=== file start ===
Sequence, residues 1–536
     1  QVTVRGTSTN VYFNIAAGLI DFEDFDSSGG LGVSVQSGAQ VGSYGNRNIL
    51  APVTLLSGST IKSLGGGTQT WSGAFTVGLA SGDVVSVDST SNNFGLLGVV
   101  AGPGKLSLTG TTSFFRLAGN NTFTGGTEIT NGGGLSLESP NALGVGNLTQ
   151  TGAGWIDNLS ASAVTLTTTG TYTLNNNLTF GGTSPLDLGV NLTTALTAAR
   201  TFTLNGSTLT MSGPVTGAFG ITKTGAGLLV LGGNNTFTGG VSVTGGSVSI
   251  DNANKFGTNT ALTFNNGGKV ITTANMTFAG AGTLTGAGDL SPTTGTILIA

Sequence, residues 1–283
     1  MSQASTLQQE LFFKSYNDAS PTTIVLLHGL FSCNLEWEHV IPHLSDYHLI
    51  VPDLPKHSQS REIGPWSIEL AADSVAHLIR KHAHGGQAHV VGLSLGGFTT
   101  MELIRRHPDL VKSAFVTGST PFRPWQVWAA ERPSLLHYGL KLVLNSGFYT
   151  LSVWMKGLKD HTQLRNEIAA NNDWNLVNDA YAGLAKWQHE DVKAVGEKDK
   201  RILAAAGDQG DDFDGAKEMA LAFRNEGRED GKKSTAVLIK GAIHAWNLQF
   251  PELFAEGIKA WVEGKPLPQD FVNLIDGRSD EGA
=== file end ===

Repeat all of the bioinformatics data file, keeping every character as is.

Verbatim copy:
Sequence, residues 1–536
     1  QVTVRGTSTN VYFNIAAGLI DFEDFDSSGG LGVSVQSGAQ VGSYGNRNIL
    51  APVTLLSGST IKSLGGGTQT WSGAFTVGLA SGDVVSVDST SNNFGLLGVV
   101  AGPGKLSLTG TTSFFRLAGN NTFTGGTEIT NGGGLSLESP NALGVGNLTQ
   151  TGAGWIDNLS ASAVTLTTTG TYTLNNNLTF GGTSPLDLGV NLTTALTAAR
   201  TFTLNGSTLT MSGPVTGAFG ITKTGAGLLV LGGNNTFTGG VSVTGGSVSI
   251  DNANKFGTNT ALTFNNGGKV ITTANMTFAG AGTLTGAGDL SPTTGTILIA

Sequence, residues 1–283
     1  MSQASTLQQE LFFKSYNDAS PTTIVLLHGL FSCNLEWEHV IPHLSDYHLI
    51  VPDLPKHSQS REIGPWSIEL AADSVAHLIR KHAHGGQAHV VGLSLGGFTT
   101  MELIRRHPDL VKSAFVTGST PFRPWQVWAA ERPSLLHYGL KLVLNSGFYT
   151  LSVWMKGLKD HTQLRNEIAA NNDWNLVNDA YAGLAKWQHE DVKAVGEKDK
   201  RILAAAGDQG DDFDGAKEMA LAFRNEGRED GKKSTAVLIK GAIHAWNLQF
   251  PELFAEGIKA WVEGKPLPQD FVNLIDGRSD EGA